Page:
WSJ (subscription required)
• Chrysler to offer employees free college tuition
The U.S. division of Fiat Chrysler Automobiles will announced today that it will offer free college tuition to the 118,000 employees at its Chrysler, Jeep, Dodge, Ram, and Fiat dealerships. The move is a benefit toward attracting and retaining the right kind of talent, as conversations with dealers led Chrysler to realize a free education could take customer service to the next level. The program comes with some stringers and is also a victory for for-profit college Strayer University, which could see an enrollment boost thanks to Chrysler’s move to work with that school for the program.
• Online video apps peak into live boxing match
A big boxing match and the annual Kentucky Derby, both events held this weekend, served as reminders that broadcast TV still holds the keys to the castle when it comes to the rights to air major live events. But online video apps Meerkat and Periscope gave some cord cutters a peak into the action, as both hosted some live streams of the Floyd Mayweather-Manny Pacquiao boxing match. Their existence presents another challenge to the tight grip that legacy broadcast TV channels and cable operators seek to hold on viewers that are increasingly nimble about how they’ll get around paying for that cable bill to watch TV.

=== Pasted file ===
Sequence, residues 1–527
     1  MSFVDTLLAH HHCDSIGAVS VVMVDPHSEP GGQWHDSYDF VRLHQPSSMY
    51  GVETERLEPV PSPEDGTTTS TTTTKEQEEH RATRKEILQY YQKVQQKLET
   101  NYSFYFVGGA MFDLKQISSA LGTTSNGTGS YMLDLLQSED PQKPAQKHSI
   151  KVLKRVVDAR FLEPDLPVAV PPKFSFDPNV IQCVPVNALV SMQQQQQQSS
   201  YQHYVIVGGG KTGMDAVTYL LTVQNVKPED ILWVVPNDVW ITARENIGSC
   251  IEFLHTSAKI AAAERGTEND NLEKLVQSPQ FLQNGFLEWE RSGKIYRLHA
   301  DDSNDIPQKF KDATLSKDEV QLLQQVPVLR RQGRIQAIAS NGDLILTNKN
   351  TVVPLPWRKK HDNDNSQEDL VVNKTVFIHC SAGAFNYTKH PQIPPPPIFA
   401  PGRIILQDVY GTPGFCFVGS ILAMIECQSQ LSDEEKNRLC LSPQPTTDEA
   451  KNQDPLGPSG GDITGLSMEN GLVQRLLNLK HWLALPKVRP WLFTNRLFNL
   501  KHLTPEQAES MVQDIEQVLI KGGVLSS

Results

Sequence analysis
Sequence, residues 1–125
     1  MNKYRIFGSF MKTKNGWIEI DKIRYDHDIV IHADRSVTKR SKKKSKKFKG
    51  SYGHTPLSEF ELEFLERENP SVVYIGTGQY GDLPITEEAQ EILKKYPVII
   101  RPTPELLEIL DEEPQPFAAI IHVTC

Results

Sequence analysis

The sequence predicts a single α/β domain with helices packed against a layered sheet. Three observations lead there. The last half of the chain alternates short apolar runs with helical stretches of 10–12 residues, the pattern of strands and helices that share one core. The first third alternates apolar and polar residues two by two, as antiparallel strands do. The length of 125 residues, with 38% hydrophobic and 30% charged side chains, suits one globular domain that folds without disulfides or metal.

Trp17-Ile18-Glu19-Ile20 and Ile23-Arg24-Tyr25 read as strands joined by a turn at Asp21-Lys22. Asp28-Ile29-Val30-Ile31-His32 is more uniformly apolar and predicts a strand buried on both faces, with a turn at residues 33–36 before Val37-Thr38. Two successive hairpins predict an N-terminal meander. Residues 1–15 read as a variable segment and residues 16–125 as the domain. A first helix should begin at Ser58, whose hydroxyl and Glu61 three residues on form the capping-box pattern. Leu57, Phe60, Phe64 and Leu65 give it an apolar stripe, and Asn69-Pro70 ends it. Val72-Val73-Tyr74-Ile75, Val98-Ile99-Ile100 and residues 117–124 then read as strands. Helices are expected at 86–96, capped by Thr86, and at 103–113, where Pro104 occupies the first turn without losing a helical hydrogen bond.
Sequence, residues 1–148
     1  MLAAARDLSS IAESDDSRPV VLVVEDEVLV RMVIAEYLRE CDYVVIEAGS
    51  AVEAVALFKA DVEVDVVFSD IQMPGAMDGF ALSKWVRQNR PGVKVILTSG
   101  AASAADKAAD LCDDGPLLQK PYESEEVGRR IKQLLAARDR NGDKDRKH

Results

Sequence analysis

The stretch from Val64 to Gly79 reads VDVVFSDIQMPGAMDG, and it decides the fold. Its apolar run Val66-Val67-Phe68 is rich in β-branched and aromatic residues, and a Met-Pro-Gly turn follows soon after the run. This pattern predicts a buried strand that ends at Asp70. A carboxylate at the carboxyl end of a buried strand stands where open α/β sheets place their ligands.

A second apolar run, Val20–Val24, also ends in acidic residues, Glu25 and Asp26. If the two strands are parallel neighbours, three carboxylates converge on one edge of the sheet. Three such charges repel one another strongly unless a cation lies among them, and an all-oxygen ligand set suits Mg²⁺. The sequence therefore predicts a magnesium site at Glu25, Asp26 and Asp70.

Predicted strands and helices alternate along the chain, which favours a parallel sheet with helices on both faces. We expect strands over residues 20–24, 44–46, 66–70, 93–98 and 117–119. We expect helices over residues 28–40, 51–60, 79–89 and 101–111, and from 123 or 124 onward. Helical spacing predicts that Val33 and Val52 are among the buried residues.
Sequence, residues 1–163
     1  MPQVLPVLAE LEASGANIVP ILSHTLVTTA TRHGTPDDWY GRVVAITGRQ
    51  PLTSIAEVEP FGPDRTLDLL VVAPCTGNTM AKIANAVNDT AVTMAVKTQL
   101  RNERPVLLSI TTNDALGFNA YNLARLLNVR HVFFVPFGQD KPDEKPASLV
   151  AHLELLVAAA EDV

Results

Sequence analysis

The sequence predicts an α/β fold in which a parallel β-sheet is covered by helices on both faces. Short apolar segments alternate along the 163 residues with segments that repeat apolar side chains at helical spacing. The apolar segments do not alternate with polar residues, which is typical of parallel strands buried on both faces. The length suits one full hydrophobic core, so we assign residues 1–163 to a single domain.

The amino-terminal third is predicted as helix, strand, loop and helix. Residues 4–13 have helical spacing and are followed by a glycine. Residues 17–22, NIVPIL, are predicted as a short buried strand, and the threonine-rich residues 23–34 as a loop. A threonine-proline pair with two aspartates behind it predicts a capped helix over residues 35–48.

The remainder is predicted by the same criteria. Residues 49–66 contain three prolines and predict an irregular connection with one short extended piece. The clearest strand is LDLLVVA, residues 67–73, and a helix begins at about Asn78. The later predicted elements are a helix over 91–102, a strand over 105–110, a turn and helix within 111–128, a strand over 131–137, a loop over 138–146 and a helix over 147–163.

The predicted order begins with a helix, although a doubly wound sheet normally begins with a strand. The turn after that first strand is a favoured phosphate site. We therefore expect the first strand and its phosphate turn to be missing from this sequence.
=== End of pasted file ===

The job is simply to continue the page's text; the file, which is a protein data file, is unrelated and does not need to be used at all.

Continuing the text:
Around the Water Cooler
• What Warren Buffett was asked about at his annual meeting
Warren Buffett faced a ton of questions at this year’s annual meeting of Berkshire Hathaway. Some inquires focused on predatory lending practices at Berkshire-owned Clayton Homes; while others were about the fact that many of his investments are in companies that produce products that are high in processed sugars, like Coke and ketchup, at a time when many are worried about obesity. Buffett often faces criticism at his annual meeting, though Fortune reports this year seemed more contentious than usual.
• Icahn isn’t fond of BlackRock’s CEO